Exploring India's Love For Rum And The Cocktails It Inspires
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The history of rum consumption in India dates back to 1885, starting with an attempt by the British to make a locally brewed alcohol that would be the primary alcohol ration throughout the British Indian military. Several entrepreneurs would rise to the occasion, making cheap beer that was fit for the task. The first brewery in the country that was devoted to the task was built by Edward Abraham Dyer, a Scottish businessman, in Kasauli, Himachal Pradesh. The brewery was said to have been the first in Asia, hence being the first to manufacture beer on the continent. The beer, called "Lion," was a favorite amongst British soldiers that were stationed across the  Subcontinent. Dyer later joined hands with HG Meakin, an English brewer, after which the two repurposed the brewery into a distillery that manufactured rum. The distillery would exchange hands just two years after the country's independence, bought out by Narendra Nath Mohan. It wasn't until a few years later that almost half a century of experience led to the creation of the company’s most unique and well known product: Old Monk Rum. Mohan's descendant, the late Kapil Mohan is credited with having blended the current and final recipe for Old Monk Rum, through the course of the last few decades, up until his untimely passing in 2018.

It was around the same time that the Khoday Group of Bangalore launched their Hercules rum, produced exclusively for the armed forces. The product is now available for purchase in the retail space, along with the ever-popular Khodays rum.

These beverages would go on to sell in extremely high volumes owing to the versatility of the base spirit and the unmatched cost to performance ratio. In the years following independence, rum became a symbol of celebration and togetherness, and it quickly gained a reputation as the drink of choice for special occasions and holidays. This trend was helped along by the proliferation of liquor stores and bars throughout the country, as well as the rising popularity of cocktail culture in India.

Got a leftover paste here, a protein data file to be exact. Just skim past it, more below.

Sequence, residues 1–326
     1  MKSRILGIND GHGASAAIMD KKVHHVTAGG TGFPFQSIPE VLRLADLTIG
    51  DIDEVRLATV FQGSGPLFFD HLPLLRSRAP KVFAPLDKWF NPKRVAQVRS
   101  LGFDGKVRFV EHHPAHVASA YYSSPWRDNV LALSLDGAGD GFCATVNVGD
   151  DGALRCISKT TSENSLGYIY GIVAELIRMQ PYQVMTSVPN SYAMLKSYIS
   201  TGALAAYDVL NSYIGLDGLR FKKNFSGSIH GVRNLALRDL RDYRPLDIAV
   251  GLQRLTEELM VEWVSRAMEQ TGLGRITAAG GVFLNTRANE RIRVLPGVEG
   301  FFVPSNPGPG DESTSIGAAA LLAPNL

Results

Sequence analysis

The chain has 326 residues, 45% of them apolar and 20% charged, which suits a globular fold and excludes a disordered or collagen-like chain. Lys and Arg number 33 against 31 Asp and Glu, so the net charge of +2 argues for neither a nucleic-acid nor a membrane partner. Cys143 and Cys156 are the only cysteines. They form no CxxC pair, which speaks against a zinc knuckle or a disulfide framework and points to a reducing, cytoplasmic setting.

As the years went on, the demand for rum continued to grow, leading to the emergence of numerous domestic and international brands vying for a share of the market. From traditional pot-still rums to modern column-still styles, there was no shortage of options to choose from. Several popular international brands, such as Captain Morgan and Bacardi, entered the fray, launching their ranges of black rums in the country, at competitive prices against domestic offerings.

Indian brands were not left out either; over the last few decades, several homegrown artisanal rum labels have taken over the country's many bars as the new pouring brand for craft cocktails. The most notable examples include Amrut Two Indies, Makazai Gold, and Segredo Aldeia Cafe Rum. All three rums have also performed incredibly well on international markets, garnering rave reviews from rum enthusiasts the world over.

The mixological potential of rum is one of the things that makes it so appealing to enthusiasts. The beverage is truly versatile in that it tastes great neat, on the rocks, and in a cocktail, at nearly a fraction of the price of more popular spirits such as whisk(e)y and gin. The most popular rum cocktails in India include the classic rum and coke, the cuba libre (rum and coke with lime), and rum with soda. The inclusions in the rum can make some pairings seem more conventional than others; the subtle spice in Old Monk makes for a great pairing with a generous splash of coke, and the unmistakable notes of coffee in Segredo’s Cafe rum benefit from a twist of orange on the rocks to make a simple but memorable cocktail.


But it's not just the variety and versatility of rums that have contributed to the craze; it's also the rich history and cultural significance of the spirit in India. For many, rum represents a symbol of celebration and togetherness, and it's often the drink of choice for special occasions and holidays. It therefore comes as no surprise that the country’s long history of rum production and consumption has made for some record numbers. India has long been considered the biggest market for black rums in the world, only recently losing out to the Philippines. Two of the country’s favorite rums, Old Monk Rum and McDowell's No. 1 Celebration, have dominated both Asian and global markets for decades, with McDowell’s currently ranked as the fourth most popular dark rum in the world today. 

So next time you're at your favorite bar, be sure to raise a glass to the country's love affair with rum. Whether you prefer to sip it on its own or mix it in cocktails, you're sure to find a rum that suits your taste. And with the wide range of flavors and styles available, it's easy to see why the rum craze in India shows no signs of slowing down.